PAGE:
I loved owning this car- however as mechanically over engineered as this car was- it also demanded to be driven regularly to keep everything in good order. This went to an enthusiast who dreamed of owning one. Those kind of sales make it easier to let go.
The last Mercedes built to a standard. Don't get me wrong- Mercedes makes nice cars, and a few great cars, but for the most part- there always needs to be an eye to the competition with cost in mind. This car is the successor to my 560SL, built from 1990 to 2001. The SL was built to be the absolute best car it could be- then priced accordingly. There really wasn't a competitor- so they could do that. This was also the last Mercedes before Chrysler got involved between '98 and '07- and quality took a sharp turn sideways. Things are better now. This car feels as solid as it did 22 years ago, and its performance is still on par with some of today's best cars. Although it is a convertible, we have kept it fitted with its hardtop. The collector market is beginning to reflect the rising popularity of R129 (car people speak for the chassis) and nice examples like this one are going up. Which brings me to a question I do often get asked... "Why all the cars?" My answers range from- "I'm not too bright,"or "I'm sacrificing my children's future", or I'm making up for certain other deficiencies." While the daily drivers and a couple other newer cars will depreciate like everything else- most are part of a portfolio. As long as that portfolio value is growing at a rate better than a comparable conservative investment strategy- well, then I get to have more fun than staring at a mutual fund report. It's also a little less volatile.
- 302 HP
- 5.0L V8
- Curb Weight 4,012 lbs (that's as heavy as a SUV)
- 0-60 6.1 Seconds
- Top Speed of 155 MPH
I bet I'm going to regret selling this one. I would have held onto it for a long time, however it was the final piece that made the 2022 Ferrari possible.
The Civilized Viper- complete with side windows, exterior door handles, Air Conditioning, and non-2nd degree burning exhaust. That is to say that the 1st Viper had none of those. Other than that- this 2nd generation car looks very similar- and they are Hot Wheels come to life. A massive 10 cylinder engine that Lamborghini (then part owned by Chrysler) developed, with a body from the Lamborghini designer of the Diablo. The reality is a lot of people crashed and worse with these early cars as 450hp and no safety systems met with drivers who had the money, but not suitable experience (that includes self restraint) crashing 2 miles after leaving the dealership. Not too many cars scare me- this one does, as does the 2014 Viper in my collection. They feel alive- there is not a much more visceral driving experience. Vipers are often compared to Corvettes, and I would argue that the Corvette is hands down the best value, and can be called America's Sports Car- but the Viper is not a comparison. They are purpose built for performance, much like the Cobra's of the 60's. They are almost totally hand built- when my son and I visited the factory there was only one robot, and that checked the tolerances of the frames on the 2-3 cars built per day. There have also been fewer Vipers produced in its entire 92'-17' production than a single year of Corvettes produced. It is, in my opinion, the American Supercar.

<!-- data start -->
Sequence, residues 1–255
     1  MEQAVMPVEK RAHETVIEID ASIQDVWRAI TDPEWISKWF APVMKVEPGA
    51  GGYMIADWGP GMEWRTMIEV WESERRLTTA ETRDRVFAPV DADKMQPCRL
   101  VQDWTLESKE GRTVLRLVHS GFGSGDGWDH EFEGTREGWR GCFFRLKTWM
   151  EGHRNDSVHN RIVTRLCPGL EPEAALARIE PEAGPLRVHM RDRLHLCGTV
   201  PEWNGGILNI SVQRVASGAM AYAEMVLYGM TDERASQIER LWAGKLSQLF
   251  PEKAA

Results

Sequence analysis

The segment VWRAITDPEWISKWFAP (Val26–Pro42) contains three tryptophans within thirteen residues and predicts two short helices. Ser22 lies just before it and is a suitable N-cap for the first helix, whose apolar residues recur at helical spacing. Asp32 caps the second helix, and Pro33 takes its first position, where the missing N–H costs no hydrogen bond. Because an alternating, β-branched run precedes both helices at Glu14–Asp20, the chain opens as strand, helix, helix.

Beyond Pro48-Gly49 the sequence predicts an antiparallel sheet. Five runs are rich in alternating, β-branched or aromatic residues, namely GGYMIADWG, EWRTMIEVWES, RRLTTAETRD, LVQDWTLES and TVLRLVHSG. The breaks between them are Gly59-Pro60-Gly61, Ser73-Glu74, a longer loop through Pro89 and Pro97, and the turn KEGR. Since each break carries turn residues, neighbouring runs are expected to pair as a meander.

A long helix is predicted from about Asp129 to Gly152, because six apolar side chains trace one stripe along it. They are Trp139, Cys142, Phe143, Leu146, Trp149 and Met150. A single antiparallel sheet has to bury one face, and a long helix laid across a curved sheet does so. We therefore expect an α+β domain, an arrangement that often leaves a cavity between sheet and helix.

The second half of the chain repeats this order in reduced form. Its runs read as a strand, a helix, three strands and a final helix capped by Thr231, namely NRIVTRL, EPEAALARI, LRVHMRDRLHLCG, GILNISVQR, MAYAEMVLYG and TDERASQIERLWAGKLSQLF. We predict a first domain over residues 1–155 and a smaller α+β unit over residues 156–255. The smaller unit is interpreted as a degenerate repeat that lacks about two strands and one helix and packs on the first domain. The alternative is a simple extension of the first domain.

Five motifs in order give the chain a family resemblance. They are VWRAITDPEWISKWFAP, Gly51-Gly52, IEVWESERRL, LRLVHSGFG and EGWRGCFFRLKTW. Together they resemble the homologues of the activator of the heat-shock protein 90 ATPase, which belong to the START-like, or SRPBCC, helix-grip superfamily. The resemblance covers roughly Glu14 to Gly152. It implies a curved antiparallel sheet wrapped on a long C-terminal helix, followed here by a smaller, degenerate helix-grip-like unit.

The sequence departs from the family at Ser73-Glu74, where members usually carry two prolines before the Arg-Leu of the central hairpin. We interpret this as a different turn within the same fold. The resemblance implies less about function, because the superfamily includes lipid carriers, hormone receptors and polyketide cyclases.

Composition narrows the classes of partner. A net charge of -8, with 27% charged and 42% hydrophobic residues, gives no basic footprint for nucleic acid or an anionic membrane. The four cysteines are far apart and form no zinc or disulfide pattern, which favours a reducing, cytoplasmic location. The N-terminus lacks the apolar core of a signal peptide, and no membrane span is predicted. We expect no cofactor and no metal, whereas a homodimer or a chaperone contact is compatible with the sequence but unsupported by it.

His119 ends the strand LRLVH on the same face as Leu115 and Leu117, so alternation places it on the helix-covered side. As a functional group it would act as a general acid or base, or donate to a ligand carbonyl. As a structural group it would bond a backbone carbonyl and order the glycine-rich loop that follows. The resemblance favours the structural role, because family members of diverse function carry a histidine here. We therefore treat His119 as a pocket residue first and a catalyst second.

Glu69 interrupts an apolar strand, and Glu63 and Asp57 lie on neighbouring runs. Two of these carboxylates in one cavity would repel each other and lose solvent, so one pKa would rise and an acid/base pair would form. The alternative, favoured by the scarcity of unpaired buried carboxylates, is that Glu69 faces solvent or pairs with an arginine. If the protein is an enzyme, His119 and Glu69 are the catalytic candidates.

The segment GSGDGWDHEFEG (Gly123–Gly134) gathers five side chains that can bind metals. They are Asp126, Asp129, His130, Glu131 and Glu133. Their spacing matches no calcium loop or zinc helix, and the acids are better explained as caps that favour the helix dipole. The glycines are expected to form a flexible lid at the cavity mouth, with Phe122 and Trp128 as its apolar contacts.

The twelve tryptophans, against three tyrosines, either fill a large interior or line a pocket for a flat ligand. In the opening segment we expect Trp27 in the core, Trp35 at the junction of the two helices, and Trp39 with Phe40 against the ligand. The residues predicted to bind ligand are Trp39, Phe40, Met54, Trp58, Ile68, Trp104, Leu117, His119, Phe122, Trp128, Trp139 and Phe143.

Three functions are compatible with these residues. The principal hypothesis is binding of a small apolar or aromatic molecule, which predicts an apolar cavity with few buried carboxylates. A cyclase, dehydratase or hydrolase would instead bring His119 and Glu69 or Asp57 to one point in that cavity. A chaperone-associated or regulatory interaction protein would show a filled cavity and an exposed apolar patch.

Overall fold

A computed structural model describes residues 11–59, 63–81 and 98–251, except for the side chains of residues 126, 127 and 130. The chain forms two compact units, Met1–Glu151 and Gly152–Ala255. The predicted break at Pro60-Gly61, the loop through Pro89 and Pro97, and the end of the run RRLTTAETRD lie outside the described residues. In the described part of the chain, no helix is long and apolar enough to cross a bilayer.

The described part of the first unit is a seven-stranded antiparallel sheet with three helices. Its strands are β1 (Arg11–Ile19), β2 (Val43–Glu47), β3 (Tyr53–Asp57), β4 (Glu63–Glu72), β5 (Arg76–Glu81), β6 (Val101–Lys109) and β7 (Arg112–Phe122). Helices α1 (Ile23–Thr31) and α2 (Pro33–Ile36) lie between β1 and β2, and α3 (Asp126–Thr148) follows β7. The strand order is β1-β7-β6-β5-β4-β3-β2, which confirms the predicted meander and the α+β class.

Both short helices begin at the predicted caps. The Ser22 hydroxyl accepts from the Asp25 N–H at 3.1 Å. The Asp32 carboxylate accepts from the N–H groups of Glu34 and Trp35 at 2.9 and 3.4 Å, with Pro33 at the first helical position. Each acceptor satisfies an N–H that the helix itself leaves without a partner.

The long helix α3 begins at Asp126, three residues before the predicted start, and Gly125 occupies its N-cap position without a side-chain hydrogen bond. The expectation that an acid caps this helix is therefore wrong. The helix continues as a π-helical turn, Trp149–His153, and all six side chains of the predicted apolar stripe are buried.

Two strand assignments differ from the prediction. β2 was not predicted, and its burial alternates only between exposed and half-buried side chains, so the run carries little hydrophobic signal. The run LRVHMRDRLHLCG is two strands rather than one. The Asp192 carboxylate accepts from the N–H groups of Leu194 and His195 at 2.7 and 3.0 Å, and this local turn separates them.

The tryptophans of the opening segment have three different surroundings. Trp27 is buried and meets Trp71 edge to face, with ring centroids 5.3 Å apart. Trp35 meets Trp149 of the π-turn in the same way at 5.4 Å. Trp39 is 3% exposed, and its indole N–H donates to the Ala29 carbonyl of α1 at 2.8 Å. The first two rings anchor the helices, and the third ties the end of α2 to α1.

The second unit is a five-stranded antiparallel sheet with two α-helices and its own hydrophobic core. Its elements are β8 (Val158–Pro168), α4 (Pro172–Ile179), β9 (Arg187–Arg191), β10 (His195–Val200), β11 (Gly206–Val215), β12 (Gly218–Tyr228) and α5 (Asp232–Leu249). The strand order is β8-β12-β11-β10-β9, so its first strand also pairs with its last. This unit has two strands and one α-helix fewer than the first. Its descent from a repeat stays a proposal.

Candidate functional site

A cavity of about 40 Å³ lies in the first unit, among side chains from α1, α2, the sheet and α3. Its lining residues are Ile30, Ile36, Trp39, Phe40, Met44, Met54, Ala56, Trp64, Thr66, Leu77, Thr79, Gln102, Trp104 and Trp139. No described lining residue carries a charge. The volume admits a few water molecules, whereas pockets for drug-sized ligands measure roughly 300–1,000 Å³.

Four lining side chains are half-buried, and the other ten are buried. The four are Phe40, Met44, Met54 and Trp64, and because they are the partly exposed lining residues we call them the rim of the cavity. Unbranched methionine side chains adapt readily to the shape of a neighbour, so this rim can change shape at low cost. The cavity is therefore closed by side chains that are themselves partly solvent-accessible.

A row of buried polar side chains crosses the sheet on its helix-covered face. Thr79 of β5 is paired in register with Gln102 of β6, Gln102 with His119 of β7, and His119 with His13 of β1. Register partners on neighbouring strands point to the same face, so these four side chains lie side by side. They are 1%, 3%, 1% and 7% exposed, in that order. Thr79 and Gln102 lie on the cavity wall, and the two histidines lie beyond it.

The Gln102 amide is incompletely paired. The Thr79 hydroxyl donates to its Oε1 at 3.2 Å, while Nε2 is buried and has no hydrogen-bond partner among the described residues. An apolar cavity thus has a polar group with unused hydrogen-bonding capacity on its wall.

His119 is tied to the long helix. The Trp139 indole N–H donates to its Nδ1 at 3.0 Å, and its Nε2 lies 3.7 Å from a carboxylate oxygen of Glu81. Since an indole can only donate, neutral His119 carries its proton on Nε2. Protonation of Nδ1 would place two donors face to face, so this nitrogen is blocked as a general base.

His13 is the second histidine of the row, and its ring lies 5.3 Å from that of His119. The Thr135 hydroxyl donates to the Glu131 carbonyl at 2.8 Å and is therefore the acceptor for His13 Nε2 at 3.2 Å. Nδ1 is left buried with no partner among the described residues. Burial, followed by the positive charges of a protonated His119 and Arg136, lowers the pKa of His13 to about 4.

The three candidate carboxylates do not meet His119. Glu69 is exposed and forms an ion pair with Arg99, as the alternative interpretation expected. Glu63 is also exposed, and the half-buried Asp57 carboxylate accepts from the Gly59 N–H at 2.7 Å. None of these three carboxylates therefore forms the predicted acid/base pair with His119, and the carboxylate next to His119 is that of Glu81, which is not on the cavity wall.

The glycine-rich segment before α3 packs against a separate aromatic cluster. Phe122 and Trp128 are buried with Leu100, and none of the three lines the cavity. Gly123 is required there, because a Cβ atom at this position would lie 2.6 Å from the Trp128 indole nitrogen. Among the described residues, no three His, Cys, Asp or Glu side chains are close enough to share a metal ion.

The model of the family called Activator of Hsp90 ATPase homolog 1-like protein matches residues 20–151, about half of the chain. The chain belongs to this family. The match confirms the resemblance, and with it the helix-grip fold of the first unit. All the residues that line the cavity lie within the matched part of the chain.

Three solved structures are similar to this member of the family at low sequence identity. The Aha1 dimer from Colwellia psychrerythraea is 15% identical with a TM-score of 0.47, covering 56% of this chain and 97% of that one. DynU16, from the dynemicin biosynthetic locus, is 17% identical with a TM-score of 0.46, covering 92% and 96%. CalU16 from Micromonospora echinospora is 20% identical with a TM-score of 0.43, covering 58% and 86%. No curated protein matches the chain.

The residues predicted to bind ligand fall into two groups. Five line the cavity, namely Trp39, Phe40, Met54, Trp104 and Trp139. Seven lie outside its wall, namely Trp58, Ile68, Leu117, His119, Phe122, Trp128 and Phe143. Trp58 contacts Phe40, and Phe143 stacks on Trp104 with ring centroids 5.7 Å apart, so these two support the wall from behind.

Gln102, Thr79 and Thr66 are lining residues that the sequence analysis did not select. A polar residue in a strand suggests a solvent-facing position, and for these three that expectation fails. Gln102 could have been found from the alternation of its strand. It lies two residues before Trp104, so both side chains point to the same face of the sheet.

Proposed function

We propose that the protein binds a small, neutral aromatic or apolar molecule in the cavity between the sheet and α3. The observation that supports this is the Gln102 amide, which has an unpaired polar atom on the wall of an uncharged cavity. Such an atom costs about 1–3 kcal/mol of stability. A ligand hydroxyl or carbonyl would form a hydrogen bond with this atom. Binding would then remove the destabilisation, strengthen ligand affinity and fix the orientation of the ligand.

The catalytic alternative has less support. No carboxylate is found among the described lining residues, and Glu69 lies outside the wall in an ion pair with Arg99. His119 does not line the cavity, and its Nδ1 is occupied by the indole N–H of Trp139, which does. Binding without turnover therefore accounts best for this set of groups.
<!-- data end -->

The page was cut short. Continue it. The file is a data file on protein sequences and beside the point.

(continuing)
- 450 HP
- 8L V10
- Curb Weight 3,375 lbs
- 0-60 4.3 Seconds... in 1999!
- Top Speed of 193 MPH
Another Doug DeMuro video:
This is the 1st Honda built in the USA, and a departure from the smaller Japanese cars that preceded it. This 2nd generation Accord was built between 1981 and 1985, and introduced the world to in car navigation- called the Electro Gyro-Cater, using a helium gas gyroscope and transparent maps illuminated on a screen...think 1960's James Bond. This is one of those every day cars that no one thought to hang onto- but also a really important piece of automotive history as it solidified Honda in the US car market and began the dominance of Japanese cars in the 1980's. This car was on display at a local Honda dealership before landing in my collection in 2018.
- 75 HP
- 4 Cylinder OHC 1.7L
- Curb Weight 2,169 lbs
- Top Speed of 104 MPH
- 0-60 Time: 13 Seconds